From an evolutionary perspective people don’t change much. At the level of our DNA we’re not vastly different from Palaeolithic humans. We need to eat the same diets, more or less, and should follow roughly the same patterns of exercise. We are rigid and inflexible in these genetic matters.
The circuitry of our brains on the other hand is infinitely flexible. Martin Seligman’s work on failure reflects the downside of this. People who repeatedly experience failure will learn how to feel helpless and fail even more. The reason isn’t just a learned pattern of responses but a chemical reworking of the brain that predisposes people to giving up.
The upside, as positive psychologists and cognitive psychologists know, is that if people begin implementing patterns of behaviour with positive outcomes, the brain will rewire for success.
That principle lies behind many of the major changes in the communications landscape over millennia. Though we don't change fundamentally, psychologically we evolve and adapt rapidly – the evolution of the alphabet (and the development of a phonetic symbolism for experience), writing (and the evolution of abstraction), printing (and the birth of objectivity)…. Computing?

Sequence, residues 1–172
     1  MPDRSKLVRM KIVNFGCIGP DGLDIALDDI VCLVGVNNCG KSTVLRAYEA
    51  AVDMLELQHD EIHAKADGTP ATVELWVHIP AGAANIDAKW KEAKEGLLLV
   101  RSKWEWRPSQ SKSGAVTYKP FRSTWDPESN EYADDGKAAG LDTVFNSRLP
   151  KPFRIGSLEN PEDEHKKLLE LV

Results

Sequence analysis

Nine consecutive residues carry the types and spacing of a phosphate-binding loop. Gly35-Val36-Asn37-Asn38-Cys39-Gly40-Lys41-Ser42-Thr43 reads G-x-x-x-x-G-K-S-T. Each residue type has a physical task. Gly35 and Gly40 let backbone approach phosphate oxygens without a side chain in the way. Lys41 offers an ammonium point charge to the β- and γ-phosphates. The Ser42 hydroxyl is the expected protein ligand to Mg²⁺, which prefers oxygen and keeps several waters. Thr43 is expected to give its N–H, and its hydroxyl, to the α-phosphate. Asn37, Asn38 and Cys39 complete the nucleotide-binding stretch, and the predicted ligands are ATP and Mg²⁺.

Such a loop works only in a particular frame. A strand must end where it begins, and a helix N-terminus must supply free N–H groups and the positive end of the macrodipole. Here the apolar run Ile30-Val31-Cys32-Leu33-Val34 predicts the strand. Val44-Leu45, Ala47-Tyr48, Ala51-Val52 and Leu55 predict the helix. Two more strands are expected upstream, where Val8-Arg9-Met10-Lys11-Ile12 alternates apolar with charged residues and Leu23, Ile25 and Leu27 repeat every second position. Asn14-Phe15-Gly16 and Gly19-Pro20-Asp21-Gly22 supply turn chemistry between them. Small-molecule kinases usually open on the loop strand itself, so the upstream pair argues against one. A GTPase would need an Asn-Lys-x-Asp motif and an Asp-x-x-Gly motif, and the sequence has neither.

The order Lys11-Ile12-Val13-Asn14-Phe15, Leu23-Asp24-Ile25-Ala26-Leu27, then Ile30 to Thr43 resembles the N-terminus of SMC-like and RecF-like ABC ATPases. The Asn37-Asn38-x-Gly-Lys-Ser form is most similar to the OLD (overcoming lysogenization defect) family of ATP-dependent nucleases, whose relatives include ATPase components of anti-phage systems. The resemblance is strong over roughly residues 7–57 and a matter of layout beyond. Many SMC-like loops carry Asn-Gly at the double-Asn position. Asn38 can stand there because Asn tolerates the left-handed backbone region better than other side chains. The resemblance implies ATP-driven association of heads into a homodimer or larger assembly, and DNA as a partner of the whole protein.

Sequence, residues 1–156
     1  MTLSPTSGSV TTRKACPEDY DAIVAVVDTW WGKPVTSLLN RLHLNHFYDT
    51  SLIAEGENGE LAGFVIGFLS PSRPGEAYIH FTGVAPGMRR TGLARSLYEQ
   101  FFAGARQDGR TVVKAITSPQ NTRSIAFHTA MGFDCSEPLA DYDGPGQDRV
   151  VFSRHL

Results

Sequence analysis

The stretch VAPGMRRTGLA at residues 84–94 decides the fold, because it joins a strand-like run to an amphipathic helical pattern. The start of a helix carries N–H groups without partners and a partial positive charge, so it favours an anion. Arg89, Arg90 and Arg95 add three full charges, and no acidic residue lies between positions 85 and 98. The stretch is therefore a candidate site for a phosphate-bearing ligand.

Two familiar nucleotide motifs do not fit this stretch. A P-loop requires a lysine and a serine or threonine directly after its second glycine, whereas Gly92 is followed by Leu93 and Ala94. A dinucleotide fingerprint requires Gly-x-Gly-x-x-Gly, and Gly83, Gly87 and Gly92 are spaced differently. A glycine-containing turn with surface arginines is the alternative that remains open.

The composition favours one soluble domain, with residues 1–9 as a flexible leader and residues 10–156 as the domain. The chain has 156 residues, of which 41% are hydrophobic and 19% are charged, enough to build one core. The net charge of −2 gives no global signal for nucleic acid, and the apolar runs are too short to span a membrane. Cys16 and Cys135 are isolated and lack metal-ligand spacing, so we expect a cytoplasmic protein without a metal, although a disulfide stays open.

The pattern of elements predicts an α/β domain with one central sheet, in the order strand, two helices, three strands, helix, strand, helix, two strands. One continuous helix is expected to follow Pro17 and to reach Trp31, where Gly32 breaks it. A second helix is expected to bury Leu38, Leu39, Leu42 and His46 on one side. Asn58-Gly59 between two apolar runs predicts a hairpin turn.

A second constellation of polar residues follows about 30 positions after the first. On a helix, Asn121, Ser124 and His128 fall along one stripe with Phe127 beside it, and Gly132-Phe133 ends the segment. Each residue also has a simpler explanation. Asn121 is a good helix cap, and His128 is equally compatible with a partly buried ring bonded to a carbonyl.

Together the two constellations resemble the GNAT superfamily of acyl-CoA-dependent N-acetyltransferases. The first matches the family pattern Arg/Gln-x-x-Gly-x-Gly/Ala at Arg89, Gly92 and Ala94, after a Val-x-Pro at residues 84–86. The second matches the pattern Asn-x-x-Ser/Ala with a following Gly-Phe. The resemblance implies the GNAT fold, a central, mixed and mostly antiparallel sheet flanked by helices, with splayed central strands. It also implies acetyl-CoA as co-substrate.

I think the issue has to be addressed along three main lines of inquiry and we touched on them above:
• Memory and collective reflection
• What we know
And the principle we bring to those issues is the simple one that whatever else stays constant, the brain will always adapt.
First though a few words on what is changing in communications.
The Changing Media Landscape
The 21st century has seen the proliferation of media types. If we go back over the past 500 years we can ascribe some form of categorisation to this change.
The printing press gave us books, pamphlets and political tracts. It led in time, once there was adequate distribution with the arrival of the train, to newspapers.
The invention of telegraphy eventually gave us the telegram and the telephone and when technologists played around with the wireless possibilities we were treated to the radio and then the TV. And in the meantime film was born.
There are a few major innovations behind the evolution of a media landscape many of us grew up with. Printing presses, trains, telegraphy/telephony, moving picture capture, and radio-diffusion.
What difference does the Internet make?
In terms of distribution the Internet takes the cost of picture/video distribution close to zero to the end-user/content producer. If that was its only contribution to change it would be a substantial one. It also makes distribution instantaneous. It is we rather than the product that is often not available.